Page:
Many of those with eating disorders or whose family has been touched by them will have taken great interest in the recently released Netflix drama-comedy film To the Bone, which charts what the distributor has described as a “harrowing, sometimes funny journey of self-discovery” by Ellen, a 20-year-old with anorexia nervosa.
A film almost guaranteed to divide opinion
The Marti Noxon-directed film certainly has no shortage of star appeal, featuring the British-American model and actress Lily Jane Collins – the daughter of musician Phil Collins – as Ellen, along with Keanu Reeves as Dr William Beckham and The Good Wife actress Carrie Preston as Ellen’s stepmother, Susan.
However, while To the Bone has received critical acclaim from many quarters, receiving a 73% rating on Rotten Tomatoes and being described by that site’s ‘Critics Consensus’ as “an insightful, empathetic look at a widespread issue”, other observers have been less charitable in their assessments, even likening it to a ‘how-to’ manual for anorexia.
That latter view comes from Northwestern University psychology professor Renee Engeln, who was quoted by the American TV news programme Chicago Tonight as stating: “There’s a very real sense in which the film could be used as a how-to manual for someone struggling with eating disordered behaviour. From my perspective, a good film about anorexia doesn’t provide a how-to manual; it doesn’t show close-ups of ribs and spines like this film does.”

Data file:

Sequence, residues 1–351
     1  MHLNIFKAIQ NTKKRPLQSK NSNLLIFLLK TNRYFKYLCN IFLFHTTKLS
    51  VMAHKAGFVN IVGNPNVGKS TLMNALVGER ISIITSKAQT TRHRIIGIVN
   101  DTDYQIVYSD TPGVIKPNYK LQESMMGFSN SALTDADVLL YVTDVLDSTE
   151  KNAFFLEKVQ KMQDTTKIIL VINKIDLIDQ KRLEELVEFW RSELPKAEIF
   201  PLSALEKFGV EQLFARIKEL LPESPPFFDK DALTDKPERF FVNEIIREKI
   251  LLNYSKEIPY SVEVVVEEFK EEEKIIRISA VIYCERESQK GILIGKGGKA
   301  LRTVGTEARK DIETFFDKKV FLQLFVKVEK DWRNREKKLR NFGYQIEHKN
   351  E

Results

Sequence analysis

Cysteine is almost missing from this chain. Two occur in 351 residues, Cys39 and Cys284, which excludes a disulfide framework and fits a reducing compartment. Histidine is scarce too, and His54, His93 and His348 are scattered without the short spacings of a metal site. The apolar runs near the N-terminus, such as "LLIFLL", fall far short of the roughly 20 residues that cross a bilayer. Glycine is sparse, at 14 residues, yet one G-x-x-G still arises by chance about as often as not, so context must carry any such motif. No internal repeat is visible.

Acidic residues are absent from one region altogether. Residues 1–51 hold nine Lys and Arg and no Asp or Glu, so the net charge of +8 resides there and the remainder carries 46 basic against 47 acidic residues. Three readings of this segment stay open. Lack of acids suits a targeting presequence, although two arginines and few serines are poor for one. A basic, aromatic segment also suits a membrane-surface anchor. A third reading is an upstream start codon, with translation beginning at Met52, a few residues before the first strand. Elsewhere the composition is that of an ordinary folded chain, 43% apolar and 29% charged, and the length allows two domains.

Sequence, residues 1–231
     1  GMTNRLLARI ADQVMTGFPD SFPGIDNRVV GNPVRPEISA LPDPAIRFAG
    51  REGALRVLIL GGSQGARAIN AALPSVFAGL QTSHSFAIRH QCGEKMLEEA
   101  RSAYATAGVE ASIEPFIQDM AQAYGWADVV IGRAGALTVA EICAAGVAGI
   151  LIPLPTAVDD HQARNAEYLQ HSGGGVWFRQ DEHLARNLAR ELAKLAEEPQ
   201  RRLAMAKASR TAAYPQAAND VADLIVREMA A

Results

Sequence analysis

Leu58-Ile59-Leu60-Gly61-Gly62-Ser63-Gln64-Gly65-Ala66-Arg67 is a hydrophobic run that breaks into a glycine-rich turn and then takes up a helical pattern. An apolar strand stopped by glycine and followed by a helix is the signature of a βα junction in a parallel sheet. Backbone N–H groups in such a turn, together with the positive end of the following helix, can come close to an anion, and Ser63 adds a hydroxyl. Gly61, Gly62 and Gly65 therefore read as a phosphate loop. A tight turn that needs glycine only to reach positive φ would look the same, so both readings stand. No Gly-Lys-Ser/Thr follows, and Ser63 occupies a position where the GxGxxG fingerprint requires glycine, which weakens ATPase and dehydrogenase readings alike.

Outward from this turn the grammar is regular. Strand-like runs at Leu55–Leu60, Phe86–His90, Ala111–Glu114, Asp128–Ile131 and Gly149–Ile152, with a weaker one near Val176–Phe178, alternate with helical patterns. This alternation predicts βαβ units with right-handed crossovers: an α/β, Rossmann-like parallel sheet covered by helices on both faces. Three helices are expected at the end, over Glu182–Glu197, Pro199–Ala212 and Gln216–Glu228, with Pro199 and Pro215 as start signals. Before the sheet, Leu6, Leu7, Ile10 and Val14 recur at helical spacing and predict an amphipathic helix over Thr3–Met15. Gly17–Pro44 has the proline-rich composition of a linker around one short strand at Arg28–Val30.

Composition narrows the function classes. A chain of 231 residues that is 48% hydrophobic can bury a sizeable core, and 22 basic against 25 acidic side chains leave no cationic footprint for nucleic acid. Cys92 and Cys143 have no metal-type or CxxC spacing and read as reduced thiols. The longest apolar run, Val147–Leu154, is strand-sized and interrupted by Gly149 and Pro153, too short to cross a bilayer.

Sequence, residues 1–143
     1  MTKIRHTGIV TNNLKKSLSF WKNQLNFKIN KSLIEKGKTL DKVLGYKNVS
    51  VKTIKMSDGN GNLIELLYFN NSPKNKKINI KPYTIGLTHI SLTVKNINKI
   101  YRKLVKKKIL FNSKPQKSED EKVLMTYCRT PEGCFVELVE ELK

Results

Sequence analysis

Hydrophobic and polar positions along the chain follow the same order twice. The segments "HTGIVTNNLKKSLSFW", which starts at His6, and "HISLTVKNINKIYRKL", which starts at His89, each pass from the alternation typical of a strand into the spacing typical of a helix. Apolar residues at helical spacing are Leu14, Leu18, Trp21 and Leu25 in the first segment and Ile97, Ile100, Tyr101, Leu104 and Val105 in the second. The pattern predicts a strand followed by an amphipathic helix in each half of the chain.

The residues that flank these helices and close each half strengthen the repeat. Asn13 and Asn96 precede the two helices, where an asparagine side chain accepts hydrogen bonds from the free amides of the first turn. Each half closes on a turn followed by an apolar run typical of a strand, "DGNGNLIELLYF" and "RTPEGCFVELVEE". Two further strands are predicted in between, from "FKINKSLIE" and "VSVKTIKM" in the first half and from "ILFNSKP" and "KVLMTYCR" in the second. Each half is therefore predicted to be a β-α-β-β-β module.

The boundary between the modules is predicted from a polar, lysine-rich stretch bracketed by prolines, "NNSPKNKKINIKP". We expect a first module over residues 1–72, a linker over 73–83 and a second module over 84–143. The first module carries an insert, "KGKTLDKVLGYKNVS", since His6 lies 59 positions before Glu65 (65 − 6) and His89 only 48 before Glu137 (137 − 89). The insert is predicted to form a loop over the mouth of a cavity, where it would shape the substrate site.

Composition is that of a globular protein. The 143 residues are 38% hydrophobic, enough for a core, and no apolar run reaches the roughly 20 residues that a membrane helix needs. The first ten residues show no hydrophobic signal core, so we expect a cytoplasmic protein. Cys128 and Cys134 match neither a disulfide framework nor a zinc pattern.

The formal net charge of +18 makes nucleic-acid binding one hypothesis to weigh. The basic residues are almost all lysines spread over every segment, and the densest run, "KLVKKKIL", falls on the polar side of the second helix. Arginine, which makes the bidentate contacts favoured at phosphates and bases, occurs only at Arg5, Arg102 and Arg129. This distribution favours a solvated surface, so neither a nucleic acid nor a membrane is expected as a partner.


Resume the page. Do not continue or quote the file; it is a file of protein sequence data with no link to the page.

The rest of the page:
Similar sentiments were voiced by critical reviewers such as Ellie Williams, who wrote for Cambridge University student newspaper Varsity that the film “does not represent the complexity of eating disorders, or the diversity of those who experience them.” She described the character of Ellen as being similar to the image of “an emaciated yet ethereally beautiful, white teenage girl… that has been romanticised and tokenised by online communities for years.”
A sensitive portrayal of anorexia, or an oversimplification?
There is much more that could be said about To the Bone’s approach to the frequently extremely complicated and fraught subjects of anorexia and eating disorders in general – and much more certainly will be said.
Amid all of the claims and counterclaims about the film’s content, it should be noted that Noxon herself struggled with anorexia and bulimia in her teens and 20s and has spoken of the “tricky balance” to be struck in directing such a film. As she told Vanity Fair: “We didn’t want to show a whole lot of behaviour [and] make it aspirational. But we also wanted to tell the story in a way that felt authentic.”
We are sure that the debate will rumble on as to whether To the Bone makes a positive or negative, helpful or unhelpful contribution to the discussions surrounding eating disorders and anorexia and how these conditions are depicted and addressed in wider culture.
In the meantime, if you are affected by any of the issues addressed in the film, please feel free to contact Portland Practice to learn more about the highest standard of suitably and sensitively tailored psychotherapy in London.